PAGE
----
For an entire wlrene did nothing but coir
rest, and stroll ithe woods. Each old mU:
familiar haunt wasned. Each dear old tree Iamid
honored with a pai salutation. And Irene fain
tried to cheat heinto the .belief that she frie:
was growing happJn-wlien-a letter came jthe
from Julia, signe* Sanley! It was over 'fort
then-" the wild dream so fondly cher- by1
ished"..-henceforti for an aching pang at S
the heart, which inight vainly strive to Elk
heal, they would 'though they had never mc
met. A more quiet, and yet a more industrioui
life than that which Irene led now, can scarcel3
be imagined. She '-kept house"-taught thi
children-improved herself by daily reading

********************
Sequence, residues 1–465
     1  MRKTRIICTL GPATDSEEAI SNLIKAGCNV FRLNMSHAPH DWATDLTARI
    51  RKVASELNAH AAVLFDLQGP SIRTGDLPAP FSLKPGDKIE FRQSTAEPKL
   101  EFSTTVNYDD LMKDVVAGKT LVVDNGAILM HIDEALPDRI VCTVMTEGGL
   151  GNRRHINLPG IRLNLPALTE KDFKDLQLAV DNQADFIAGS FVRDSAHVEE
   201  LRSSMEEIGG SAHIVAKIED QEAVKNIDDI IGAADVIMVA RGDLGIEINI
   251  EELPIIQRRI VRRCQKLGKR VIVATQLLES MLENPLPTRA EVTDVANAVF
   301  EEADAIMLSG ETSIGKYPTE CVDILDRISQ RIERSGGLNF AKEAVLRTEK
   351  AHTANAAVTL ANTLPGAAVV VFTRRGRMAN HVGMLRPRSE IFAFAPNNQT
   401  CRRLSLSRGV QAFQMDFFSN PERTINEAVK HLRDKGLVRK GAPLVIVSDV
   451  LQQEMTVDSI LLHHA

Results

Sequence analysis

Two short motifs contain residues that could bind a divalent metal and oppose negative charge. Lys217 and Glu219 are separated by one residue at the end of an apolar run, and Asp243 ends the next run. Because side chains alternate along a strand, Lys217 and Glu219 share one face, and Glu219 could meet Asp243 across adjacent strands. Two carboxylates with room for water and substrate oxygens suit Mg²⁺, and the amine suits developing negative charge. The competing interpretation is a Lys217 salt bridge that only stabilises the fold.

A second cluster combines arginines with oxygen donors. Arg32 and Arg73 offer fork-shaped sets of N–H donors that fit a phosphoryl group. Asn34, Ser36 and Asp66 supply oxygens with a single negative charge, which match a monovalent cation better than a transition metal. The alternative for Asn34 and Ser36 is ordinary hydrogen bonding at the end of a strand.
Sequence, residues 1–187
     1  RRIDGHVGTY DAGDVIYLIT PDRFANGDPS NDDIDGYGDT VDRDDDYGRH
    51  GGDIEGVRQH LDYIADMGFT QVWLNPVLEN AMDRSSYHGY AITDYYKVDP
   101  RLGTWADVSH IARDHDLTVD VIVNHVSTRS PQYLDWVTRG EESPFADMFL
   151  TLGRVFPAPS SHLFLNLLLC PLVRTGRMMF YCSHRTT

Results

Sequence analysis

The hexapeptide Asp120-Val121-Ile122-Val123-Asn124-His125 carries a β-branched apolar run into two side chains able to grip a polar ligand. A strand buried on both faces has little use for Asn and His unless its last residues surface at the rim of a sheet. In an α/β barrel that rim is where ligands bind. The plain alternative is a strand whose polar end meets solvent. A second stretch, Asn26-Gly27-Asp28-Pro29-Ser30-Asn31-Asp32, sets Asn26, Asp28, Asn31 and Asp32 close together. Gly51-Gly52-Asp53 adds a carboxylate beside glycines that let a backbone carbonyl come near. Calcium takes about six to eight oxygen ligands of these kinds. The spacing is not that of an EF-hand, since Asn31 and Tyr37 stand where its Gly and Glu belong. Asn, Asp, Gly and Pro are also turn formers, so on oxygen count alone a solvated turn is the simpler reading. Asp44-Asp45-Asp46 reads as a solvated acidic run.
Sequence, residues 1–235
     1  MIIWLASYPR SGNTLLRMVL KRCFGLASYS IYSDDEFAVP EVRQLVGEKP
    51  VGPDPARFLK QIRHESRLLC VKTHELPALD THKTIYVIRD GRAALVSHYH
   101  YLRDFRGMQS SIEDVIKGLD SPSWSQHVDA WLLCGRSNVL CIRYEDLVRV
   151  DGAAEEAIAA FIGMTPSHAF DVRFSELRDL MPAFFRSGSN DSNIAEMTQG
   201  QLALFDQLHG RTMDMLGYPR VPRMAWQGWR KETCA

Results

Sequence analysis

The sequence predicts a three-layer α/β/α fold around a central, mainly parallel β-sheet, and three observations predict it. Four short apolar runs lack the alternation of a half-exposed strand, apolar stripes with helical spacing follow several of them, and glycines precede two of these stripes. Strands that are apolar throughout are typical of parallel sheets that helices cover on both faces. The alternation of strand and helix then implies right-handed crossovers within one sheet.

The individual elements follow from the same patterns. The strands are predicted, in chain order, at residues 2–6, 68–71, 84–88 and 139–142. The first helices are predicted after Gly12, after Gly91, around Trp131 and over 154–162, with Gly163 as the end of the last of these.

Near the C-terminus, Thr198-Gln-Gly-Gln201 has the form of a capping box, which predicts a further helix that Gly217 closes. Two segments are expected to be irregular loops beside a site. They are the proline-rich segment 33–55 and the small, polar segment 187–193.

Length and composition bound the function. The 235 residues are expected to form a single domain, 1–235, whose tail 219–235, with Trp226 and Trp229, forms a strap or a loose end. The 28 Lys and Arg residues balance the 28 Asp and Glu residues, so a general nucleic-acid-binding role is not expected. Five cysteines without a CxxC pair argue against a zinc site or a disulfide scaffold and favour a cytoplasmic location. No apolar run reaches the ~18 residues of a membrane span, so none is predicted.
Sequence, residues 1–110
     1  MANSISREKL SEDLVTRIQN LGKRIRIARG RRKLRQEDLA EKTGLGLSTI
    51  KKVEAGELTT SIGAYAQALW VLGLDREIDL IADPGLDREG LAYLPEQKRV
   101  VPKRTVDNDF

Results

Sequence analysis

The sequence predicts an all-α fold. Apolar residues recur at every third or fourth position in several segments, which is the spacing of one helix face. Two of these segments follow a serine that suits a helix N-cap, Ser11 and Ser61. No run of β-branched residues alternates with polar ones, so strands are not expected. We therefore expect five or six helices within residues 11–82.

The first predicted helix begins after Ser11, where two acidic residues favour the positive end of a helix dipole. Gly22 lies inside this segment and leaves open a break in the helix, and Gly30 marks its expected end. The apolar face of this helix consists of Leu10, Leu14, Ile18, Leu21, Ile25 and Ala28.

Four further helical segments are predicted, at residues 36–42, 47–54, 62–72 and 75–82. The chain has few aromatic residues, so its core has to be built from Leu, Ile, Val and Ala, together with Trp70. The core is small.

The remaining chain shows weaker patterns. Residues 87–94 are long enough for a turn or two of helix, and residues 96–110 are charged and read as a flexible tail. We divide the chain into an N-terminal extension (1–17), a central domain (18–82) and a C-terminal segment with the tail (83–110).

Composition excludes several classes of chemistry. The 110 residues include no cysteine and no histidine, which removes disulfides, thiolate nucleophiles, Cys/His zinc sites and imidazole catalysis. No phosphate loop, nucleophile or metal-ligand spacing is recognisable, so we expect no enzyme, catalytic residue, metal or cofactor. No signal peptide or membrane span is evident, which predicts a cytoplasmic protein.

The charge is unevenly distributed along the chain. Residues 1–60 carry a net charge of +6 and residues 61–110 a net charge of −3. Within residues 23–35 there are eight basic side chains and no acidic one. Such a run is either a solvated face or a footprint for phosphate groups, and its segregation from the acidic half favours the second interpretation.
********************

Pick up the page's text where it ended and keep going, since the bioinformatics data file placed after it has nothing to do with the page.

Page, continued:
and " made up" a host of new clothes for Eller
and Jennie. Ellen was the aristocat of the
family-she was passionately fond of drawing
painting and music, but bring her down from
her " cloud castles," by requesting her to duel
the furniture, sweep the floor, make the beds,
or indulge in any other plebian occupation ; and
a look of disgust would creep over the fair fea
turos, while a sullen pout settled firmly about
the lips. It was constitutional with her-it
her seemedalmost impossible to overcome it; and
mother and sister, after a few ineffectual at
tempts to awaken a love for these distasteful oc
cupations, concluded that Ellen was not "made
to work," and allowed her to become " the fine
lady of the family." Yet this graceful beauty was
their pride-their pet, for she was naturally
amiable; and would do a hundred, little things
to contribute to the general enjoyment-such as
filling the vases with fresh flowers-looping
back the white curtains with ribbons-covering
the glass and picture-frames with fine tissue